Baltimore City Scandal Prospects
–Richard E. Vatz
Just a few quick initial reactions to the indictments this week of Mayor Sheila Dixon and Baltimore City Councilwoman Helen L. Holton.
Intuitively, there is some incredulity for the casual observer because the political agents charged do not have the public arrogance usually associated with wrongdoing. Every time I see Mayor Dixon on the news I feel as if I am watching a woman who is woefully naive. Her self-possessed explanation as to why she would keep her $3,700 pay raise at a time, as I wrote on this page weeks ago, of many of her constituents’ recession-induced penury, was simply not in touch with reality and was recanted shortly afterward. Her defense for taking the terribly-timed raise, as opposed to giving it to charity even as a one-time concession, was self-pitying and ignored her constituents’ worse straits: “Not doing what I do seven days a week, 24 hours a day, trying to raise a family and having a daughter in college…people don’t expect us to get paid. They want us do to this for free. That’s fine and good and no one would mind doing that, but then we would have to find other jobs.” On the opposite end of public ethos is the just-impeached Illinois Governor Rod Blagojevich, whose manifest smarminess condemns him immediately to public inferences of guilt.
That said, the difference between proper and improper commerce between politicians and lobbyists is sometimes a fine line. The rules are labyrinthine, and determining what is an illegal quid pro quo is difficult.
Trending: Red Maryland Radio: The Final Episode
Regardless, two qualities of politicians are evidence of a legal and/or ethical line being crossed: deception and an immediate, temporal nexus between contributions and politicians’ actions benefitting their benefactors.
Mayor Dixon in violation of city regulations arranged and paid for her sister’s employment, but did not disclose it on a city ethics form. She voted on matters material to her sister’s company while indicating she had abstained. She and developer Ronald Lipscomb traveled to New York on the same day she voted for a $13 million project of his. She stealthily received fur coats from him.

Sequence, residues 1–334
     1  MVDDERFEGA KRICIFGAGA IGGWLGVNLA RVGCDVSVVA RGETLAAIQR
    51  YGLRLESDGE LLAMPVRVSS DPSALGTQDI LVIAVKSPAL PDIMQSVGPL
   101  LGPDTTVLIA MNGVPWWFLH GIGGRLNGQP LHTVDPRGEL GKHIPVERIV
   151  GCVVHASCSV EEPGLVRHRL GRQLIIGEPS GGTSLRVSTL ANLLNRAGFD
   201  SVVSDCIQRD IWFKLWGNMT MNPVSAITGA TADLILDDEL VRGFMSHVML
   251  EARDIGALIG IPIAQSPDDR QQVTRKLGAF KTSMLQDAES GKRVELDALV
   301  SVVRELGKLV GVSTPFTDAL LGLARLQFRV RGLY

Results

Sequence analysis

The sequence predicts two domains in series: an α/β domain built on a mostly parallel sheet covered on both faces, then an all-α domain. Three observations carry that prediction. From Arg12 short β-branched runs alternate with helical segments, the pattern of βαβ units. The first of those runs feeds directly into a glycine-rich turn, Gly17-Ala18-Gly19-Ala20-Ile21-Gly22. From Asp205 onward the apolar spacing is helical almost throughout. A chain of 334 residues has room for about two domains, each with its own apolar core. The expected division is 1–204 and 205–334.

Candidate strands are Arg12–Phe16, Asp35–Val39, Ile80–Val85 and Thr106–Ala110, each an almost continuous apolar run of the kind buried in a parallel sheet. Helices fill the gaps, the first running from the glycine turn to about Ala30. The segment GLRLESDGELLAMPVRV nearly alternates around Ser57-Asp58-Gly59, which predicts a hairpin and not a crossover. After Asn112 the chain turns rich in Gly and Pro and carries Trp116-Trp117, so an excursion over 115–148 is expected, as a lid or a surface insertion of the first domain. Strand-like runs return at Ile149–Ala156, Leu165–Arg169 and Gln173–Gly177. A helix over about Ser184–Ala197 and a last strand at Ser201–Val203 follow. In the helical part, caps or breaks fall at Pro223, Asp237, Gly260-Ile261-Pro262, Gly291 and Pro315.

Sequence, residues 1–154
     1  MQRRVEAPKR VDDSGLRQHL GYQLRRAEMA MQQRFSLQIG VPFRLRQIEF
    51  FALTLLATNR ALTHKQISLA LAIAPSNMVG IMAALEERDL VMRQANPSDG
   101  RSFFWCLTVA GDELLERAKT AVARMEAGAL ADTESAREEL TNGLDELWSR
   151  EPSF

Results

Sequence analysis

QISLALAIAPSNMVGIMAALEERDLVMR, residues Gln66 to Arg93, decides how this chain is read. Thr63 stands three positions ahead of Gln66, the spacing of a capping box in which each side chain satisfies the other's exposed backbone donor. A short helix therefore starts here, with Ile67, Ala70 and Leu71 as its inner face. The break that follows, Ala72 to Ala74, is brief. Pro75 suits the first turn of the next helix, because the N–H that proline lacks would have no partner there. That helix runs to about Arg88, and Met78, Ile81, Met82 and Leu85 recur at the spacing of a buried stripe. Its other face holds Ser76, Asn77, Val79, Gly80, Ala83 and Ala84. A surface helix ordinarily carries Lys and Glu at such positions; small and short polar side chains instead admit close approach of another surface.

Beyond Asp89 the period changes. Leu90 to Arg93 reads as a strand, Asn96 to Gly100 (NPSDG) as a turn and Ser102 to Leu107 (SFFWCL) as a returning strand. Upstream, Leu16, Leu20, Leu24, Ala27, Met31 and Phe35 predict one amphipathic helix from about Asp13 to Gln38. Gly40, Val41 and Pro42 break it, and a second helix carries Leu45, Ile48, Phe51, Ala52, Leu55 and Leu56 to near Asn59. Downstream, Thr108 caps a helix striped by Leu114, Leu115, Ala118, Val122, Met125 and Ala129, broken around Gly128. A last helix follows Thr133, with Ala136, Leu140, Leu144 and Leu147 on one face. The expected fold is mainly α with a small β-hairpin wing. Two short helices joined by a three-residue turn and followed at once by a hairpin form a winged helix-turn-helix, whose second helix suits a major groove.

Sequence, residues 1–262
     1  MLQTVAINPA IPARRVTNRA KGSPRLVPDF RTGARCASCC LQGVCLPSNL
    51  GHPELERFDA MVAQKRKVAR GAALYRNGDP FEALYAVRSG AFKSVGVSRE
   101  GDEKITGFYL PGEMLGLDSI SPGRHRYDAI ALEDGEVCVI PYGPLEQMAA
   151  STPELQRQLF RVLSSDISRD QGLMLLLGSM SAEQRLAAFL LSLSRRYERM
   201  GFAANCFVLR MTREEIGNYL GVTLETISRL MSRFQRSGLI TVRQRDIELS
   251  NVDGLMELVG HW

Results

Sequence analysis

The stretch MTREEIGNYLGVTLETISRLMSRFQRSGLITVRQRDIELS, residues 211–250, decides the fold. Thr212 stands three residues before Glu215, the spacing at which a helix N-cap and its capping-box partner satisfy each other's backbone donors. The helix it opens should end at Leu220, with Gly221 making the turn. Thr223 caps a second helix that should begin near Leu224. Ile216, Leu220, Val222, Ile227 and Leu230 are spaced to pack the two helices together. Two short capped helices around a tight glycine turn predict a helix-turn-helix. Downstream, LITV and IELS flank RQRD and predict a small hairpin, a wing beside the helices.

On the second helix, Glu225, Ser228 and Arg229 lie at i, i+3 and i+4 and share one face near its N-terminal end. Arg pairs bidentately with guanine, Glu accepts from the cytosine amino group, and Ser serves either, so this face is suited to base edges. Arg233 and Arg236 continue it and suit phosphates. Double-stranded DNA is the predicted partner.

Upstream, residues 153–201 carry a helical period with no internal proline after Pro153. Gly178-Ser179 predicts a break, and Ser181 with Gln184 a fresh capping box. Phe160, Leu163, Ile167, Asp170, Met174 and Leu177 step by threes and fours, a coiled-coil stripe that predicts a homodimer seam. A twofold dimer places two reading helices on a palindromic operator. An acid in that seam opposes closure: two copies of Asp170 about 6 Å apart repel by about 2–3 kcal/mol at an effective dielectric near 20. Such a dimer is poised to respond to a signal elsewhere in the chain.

Baltimore City Councilwoman Helen L. Holton actually had Mr. Lipscomb pay for a $12,500 political poll for her while she was helping to effect tax breaks for the Inner Harbor East Project, in which Mr. Lipscomb had an interest, among other financial entanglements. Councilwoman Holton did not declare any payments as part of a Financial Disclosure Report.
As you will hear ad nauseam in the next few weeks, these are accusations, not convictions, but one of the clear lessons in the complicated world of political financing is to avoid deception and avoid near-patent quid pro quos of contributions and political payoffs.
Richard E. Vatz is professor of political rhetoric at Towson University. — Please find below an announcement below about Suzanne Hill’s upcoming Ron Smith Show Fans extravaganza:
Want to learn more about the workings of Maryland’s General Assembly? Ron Smith Show Fans are going to Annapolis again! The 2008 Regular Session of the Maryland General Assembly saw 2641 bills submitted, of which over 700 were made into law. The 2009 Session begins on January 14 and continues for 90 days.
Join us Friday, Jan. 30, at 6:00pm. Delegate Don Dwyer will inform us about the legislature, about the process of committee hearings where our legislators get pro-and-con input from citizens, about issues this upcoming Session, and why it’s important to get involved. He’ll show us into a committee room and give us pointers for testifying. Get to know your state capital and enjoy a Friday evening in Annapolis with others who want MD government to be accountable to its citizens and to the law.
WHO: Any Interested Citizen.
WHEN: Friday, Jan. 30, 2009. Meet by 5:45pm in front of the House Office Building.
In Case of Inclement Weather: Alternate date is Friday, Feb. 6.
HOW: We can coordinate carpools or meet there.
PARKING: Stadium Parking Lot at Gate 5 (allow time for the shuttle) or Noah Hillman Garage downtown at 150 Gorman Street ($2 flat rate after 4:00pm).
DETAILS: We’ll meet Del. Dwyer at 6pm in the House Office Building lobby. He will speak to us and show us into a hearing room. Afterward we can walk by and point out the Senate Office Building, Legislative Services, Lawyers’ Mall, and Republican Headquarters, then go for food/drinks in a local eatery.
RSVP to Suzanne Hill by Jan. 26 at firstname.lastname@example.org. Please give your name, phone number, number of people, and if you would like to carpool with others or will meet us in front of the House Office Building.
Ron Smith Show Fans meet each month to continue the engaging discussion they hear on Ron’s show and to stay informed about the local political scene that they would like to influence. To learn more, visit http://groups.yahoo.com/group/ron_smith_fans or email email@example.com.